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I'm trying to show that the natural numbers $\mathbb{N}=\{1,2,...\}$, with the topology that generated from the base $\{ (a+nb)_{n=0}^{\infty} | a,b\in \mathbb{N} ,gcd(a,b)=1\}$ is $T_2$ and not $T_3$.

I'm having problems showing both, I'll be happy for some help here.

Thanks.

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  • $\begingroup$ I guess $a,b$ are fixed. Your definition suggests that both vary in $\mathbb{N}$, in which case the topology would be discrete. $\endgroup$ – Paul Frost Mar 29 at 15:52
  • $\begingroup$ @PaulFrost This topology does not seem to be discrete to me: $\{x\}$ is not open for every $x\in\mathbb N$, since finite sets are not open. Also, if $a$ and $b$ are fixed, how is $\mathbb N$ open in the generated topology? Those natural numbers less than $a$ and $b$ would not be covered in any open base then. $\endgroup$ – awllower Mar 29 at 15:57
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    $\begingroup$ @awllower Mabe you are right - it depends on how you understand the definition. If you understand $(a+nb)_{n=0}^{\infty}$ as an infinite set, then I agree. If you understand it as a set of singletons (as I did), then the topology is discrete. So perhaps one should write $\{ a+nb \mid n \in \mathbb{N} \}$ instead. $\endgroup$ – Paul Frost Mar 29 at 16:03
  • $\begingroup$ @PaulFrost I see your point. Maybe I understood the definition wrongly. Thanks for pointing it out. $\endgroup$ – awllower Mar 29 at 16:20
  • $\begingroup$ @awllower I think the OP should clarify it. $\endgroup$ – Paul Frost Mar 29 at 16:35
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To see $\mathbb{N}$ is Hausdorff: if $x,y \in \mathbb{N}$ and $x \neq y$, then pick $p$ a prime that is larger than both $x$ and $y$, and then $U_p(x)= \{x+ap: a \in \mathbb{N}\}$ and $U_p(y)=\{y+ap: a \in \mathbb{N}\}$ are basic open in $\mathbb{N}$ in this "relatively prime integer topology" and disjoint: If $x+a_1p = y+a_2p$ were a common point, then $(a_2-a_1)p = x-y$ and $p$ would divide $x-y$ which cannot be.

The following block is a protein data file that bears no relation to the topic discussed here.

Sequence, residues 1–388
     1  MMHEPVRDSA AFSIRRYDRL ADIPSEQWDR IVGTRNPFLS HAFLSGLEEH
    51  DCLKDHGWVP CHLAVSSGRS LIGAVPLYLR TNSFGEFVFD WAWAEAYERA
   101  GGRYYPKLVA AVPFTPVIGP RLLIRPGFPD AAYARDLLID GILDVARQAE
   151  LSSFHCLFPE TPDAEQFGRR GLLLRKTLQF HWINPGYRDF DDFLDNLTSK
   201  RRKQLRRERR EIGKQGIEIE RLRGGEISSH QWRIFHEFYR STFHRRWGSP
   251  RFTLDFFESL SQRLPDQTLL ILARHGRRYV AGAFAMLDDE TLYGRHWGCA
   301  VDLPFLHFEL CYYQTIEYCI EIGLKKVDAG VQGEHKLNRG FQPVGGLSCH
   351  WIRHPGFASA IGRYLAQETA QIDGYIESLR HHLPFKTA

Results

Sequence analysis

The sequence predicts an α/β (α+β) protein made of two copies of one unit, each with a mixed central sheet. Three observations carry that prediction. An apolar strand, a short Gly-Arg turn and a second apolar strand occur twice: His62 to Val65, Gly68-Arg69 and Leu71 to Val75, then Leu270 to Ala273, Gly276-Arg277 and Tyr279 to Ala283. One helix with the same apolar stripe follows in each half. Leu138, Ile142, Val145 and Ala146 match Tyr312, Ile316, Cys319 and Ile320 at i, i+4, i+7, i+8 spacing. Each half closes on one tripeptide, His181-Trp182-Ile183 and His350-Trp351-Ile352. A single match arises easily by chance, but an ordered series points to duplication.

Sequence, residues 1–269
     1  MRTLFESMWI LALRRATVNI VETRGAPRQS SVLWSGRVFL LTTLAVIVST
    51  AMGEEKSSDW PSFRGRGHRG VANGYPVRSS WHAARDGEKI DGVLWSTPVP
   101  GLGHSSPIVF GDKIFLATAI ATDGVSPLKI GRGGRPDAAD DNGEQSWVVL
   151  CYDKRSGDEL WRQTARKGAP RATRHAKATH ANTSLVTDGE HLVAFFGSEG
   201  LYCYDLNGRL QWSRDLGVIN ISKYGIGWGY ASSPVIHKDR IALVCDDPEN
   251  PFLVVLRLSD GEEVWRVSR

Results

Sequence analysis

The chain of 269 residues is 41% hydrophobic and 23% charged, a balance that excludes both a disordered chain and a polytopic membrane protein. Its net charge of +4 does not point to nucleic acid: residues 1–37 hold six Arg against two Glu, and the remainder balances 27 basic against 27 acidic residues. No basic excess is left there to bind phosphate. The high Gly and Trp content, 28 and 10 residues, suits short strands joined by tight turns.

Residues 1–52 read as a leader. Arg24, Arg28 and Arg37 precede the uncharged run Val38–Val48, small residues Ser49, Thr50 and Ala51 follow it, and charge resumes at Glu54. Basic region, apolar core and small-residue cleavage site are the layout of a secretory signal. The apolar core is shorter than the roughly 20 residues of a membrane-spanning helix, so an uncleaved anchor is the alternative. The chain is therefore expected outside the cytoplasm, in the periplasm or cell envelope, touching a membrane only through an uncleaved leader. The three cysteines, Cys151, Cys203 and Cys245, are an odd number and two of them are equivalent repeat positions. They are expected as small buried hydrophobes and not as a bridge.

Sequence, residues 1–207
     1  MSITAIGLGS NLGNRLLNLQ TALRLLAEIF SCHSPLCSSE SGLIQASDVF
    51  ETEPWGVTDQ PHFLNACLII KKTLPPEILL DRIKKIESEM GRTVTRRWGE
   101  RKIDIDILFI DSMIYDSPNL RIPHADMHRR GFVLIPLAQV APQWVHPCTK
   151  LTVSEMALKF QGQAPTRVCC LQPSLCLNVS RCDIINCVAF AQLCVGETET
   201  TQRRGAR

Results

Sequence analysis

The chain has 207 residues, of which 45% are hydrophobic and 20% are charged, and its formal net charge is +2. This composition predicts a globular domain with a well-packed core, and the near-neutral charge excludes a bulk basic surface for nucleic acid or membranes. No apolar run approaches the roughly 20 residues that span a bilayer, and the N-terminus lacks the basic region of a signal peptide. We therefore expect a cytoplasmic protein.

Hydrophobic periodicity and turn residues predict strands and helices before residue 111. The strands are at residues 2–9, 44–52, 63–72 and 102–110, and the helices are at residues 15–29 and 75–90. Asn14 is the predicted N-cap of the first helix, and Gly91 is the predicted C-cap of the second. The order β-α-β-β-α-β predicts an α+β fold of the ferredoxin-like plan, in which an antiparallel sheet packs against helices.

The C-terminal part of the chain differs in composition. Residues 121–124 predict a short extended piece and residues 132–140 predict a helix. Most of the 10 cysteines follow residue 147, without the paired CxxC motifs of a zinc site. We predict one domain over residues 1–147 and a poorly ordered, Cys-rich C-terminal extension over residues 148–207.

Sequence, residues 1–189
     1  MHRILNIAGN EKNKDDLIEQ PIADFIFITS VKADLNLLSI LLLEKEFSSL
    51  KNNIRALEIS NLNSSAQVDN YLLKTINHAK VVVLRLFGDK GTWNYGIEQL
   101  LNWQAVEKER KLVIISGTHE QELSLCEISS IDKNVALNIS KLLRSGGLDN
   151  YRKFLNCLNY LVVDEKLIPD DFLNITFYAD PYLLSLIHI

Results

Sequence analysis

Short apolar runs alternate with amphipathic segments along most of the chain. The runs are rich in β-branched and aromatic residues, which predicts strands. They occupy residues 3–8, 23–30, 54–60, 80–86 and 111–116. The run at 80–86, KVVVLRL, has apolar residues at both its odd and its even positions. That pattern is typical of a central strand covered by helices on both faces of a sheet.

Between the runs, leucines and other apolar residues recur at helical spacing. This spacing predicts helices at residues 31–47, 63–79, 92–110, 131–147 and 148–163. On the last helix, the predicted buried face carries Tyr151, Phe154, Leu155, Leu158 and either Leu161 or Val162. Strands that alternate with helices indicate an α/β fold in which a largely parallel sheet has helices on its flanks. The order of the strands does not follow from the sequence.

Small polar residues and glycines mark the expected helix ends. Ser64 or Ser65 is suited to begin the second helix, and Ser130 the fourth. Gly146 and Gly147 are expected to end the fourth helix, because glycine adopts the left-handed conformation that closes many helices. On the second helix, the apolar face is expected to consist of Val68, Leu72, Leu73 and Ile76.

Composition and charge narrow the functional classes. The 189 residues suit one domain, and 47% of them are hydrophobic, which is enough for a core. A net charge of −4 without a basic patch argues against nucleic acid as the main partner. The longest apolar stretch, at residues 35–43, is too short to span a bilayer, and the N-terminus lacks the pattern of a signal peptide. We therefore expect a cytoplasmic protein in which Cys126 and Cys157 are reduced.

To see it is not regular try to separate the closed set $E=\{2n: n \in \mathbb{N}\}$ and $1 \notin E$ by disjoint open sets $U$ and $V$ respectively. As $1 \in V$ and $V$ is open, for some $e$: $U_e(1) \subseteq V$ with $e$ even (or else $U_e(1)$ already intersects $E$ and thus $U$), but then $e \in E$ so $e \in U_a(b) \subseteq U$ for some $a,b$ with $\gcd(a,b)=1$. So $e=an_0+b$ for some $n_0 \in \mathbb{N}$ and we know that $\gcd(a,e)=1$ as well. Then check that $U_a(b)$ and $U_e(1)$ intersect, which is a contradiction with the supposed disjointness of $U$ and $V$.

Alternatively, show that $bd \in \overline{U_b(a)} \cap \overline{U_d(c)}$ for a pair of basic open subsets. This shows that the space is also not Urysohn and is connected.

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  • $\begingroup$ I tried to show that $E$ and $1$ cannot be separated, but to no avail. Could you explain more why this is so? Thanks in advance. $\endgroup$ – awllower Mar 30 at 1:56
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    $\begingroup$ @awllower I expanded that part somewhat. $\endgroup$ – Henno Brandsma Mar 30 at 6:30
  • $\begingroup$ It is quite an enlightening proof. Thanks! $\endgroup$ – awllower Mar 30 at 13:44
  • $\begingroup$ @awllower glad you like it! $\endgroup$ – Henno Brandsma Mar 30 at 13:46
  • $\begingroup$ Is it trivial why $U_a(b)\cap U_e(1)\not=\emptyset$? I can't seem to prove it with Bezout Lemma or the likes of it. @HennoBrandsma $\endgroup$ – The way of life Apr 3 at 20:47
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This is a partial answer.

To show that this is $T_2$, take two points $x\ne y\in\mathbb N$. Take $a\in\mathbb N$ such that $x\not\equiv y\pmod a$ and co-prime to $x$, for example, some prime larger than $x$ and $y$, and then take $b\in\mathbb N$ such that $\gcd(a,b)\not\mid(x-y)$, so that $\{x+na\mid n\in\mathbb N\}\cap\{y+mb\mid b\in\mathbb N\}=\emptyset$; for example, we might take $b=a$, which is prime to $y$ as well. Then the two points $x$ and $y$ are separated by distinct neighbourhoods, which shows the space is $T_2$.


I do not know how to show it is not $T_3$. What makes you think that this space is not regular?


Hope this helps.

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    $\begingroup$ Because it's a famous example of a Hausdorff connected countable space, and these cannot be regular. $\endgroup$ – Henno Brandsma Mar 30 at 8:12

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